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Q: Where did Mott the Hoople get its name?

A: Mott the Hoople refers to the popular British band of the early ’70s that took its name from the mid-'60s book of the same name written by Willard Manus.

Manus’ book was published in 1966, but did not sell well. It wound up in the hands of record producer Guy Stevens, who, in 1969, was working at the time with a band called Silence. Liking the title of the book, the band changed its name to Mott the Hoople.

The five original members of Mott the Hoople were organist Verden Allen, drummer Dale Griffin, singer Ian Hunter, guitarist Mick Ralphs and bassit Pete “Overend” Watts. After releasing a few moderately selling albums, they called it quits in 1972.

When Watts called David Bowie asking for a job, Bowie persuaded the group to re-form and record a song he’d written called “All the Young Dudes.”

The song became their biggest hit in Britain, reaching No. 3, and their only American Top 40 hit. They enjoyed a few more years of success before disbanding in the mid-’70s.

Besides “All the Young Dudes,” Mott the Hoople is remembered today for guitarist Mick Ralphs, who would later form Bad Company, and singer Ian Hunter, who had a moderately successful solo career.

Q: When Frank Sinatra was buried, his daughter Nancy put a roll of dimes in his pocket. I’ve always wondered why. Do you know?

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A: On Dec. 8, 1963, 19-year-old Frank Sinatra, Jr. was kidnapped from a casino in Lake Tahoe. The three kidnappers demanded a $240,000 ransom and told Sinatra Sr. to only communicate with them via payphones.For this reason, Sinatra carried a roll of dimes in his pocket.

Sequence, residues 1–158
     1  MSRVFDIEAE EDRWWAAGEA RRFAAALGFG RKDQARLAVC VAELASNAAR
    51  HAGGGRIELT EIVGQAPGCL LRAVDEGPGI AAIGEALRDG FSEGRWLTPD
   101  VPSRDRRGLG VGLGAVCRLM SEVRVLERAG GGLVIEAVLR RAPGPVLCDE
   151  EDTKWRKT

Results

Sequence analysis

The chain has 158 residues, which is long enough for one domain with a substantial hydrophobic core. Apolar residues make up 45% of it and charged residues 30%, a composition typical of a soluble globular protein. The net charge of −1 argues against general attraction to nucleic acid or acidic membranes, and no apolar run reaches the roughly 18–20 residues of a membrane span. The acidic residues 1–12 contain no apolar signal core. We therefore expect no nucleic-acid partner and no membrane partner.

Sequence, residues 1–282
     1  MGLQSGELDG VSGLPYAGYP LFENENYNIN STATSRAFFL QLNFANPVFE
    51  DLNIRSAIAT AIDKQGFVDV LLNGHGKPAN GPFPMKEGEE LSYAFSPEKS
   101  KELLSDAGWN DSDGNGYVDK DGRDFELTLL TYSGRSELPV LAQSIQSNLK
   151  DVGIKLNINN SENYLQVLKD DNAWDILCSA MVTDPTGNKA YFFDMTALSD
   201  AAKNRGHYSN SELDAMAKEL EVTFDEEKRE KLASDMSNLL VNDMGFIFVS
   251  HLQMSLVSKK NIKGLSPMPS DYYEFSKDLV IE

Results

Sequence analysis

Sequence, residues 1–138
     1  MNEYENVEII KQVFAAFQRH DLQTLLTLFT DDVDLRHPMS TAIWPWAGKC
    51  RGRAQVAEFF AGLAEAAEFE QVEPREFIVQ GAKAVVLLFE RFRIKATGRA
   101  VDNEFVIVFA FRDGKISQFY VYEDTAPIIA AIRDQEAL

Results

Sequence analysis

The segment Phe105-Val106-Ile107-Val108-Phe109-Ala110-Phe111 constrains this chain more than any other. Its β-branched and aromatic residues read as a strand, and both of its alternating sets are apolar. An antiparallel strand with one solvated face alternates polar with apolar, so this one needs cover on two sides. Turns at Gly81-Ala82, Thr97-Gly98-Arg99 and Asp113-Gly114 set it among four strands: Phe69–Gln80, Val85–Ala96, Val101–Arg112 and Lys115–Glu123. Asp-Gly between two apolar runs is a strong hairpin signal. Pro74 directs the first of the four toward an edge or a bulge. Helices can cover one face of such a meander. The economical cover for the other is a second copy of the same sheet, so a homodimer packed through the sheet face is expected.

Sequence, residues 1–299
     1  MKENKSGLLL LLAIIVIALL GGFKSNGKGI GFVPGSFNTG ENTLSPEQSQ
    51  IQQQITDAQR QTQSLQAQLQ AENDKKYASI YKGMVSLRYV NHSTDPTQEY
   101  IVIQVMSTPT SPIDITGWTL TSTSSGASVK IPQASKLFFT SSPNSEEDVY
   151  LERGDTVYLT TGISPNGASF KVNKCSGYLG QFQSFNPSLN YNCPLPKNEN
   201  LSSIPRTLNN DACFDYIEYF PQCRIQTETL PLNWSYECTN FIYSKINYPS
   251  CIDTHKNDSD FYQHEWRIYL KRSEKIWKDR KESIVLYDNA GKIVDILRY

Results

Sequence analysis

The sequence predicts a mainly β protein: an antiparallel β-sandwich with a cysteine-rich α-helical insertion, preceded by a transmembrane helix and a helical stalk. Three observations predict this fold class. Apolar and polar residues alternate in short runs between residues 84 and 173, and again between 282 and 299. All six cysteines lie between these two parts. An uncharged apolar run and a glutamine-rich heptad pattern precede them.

His son was released unharmed two days later after the ransom was paid, but Sinatra continued the habit of carrying the roll of dimes in his pocket for the rest of his life. At his funeral, he was buried with a roll of dimes, courtesy of his daughter Nancy, and a bottle of Jack Daniels.

Q: I’ve heard that the song “House of the Rising Sun” goes back many years. How old is it?

A: The origin of “House of the Rising Sun” is not exactly known. Some music historians have stated that it may date back to the Civil War.

Although its age is uncertain, the song had been around for many decades when it was finally recorded in 1937. While compiling songs for the Library of Congress, music historian Alan Lomax recorded 16-year-old Georgia Turner as she sang one of her favorite songs, “Rising Sun Blues.”

After Lomax included the song in a collection of folk songs, it became very popular among American folk singers. Woody Guthrie and Pete Seeger included it in their repertoires. Bob Dylan included it on his debut album in 1962, calling it “House of the Rising Sun.”

Across the Atlantic, Chas Chandler heard a version by the American blues/folk singer Josh White and immediately liked it. He brought it back to his group, the Animals, who recorded the most-famous version of the song to date. Their version of “House of the Rising Sun" reached No. 1 in the U.S and the U.K. in 1964.

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What’s the name of that song? Where are they now? What does that lyric mean? Send your questions about songs, albums, and the musicians who make them to MusicOnTheRecord@gmail.com. Bradford Brady and John Maron are freelance music writers based in Raleigh, N.C.

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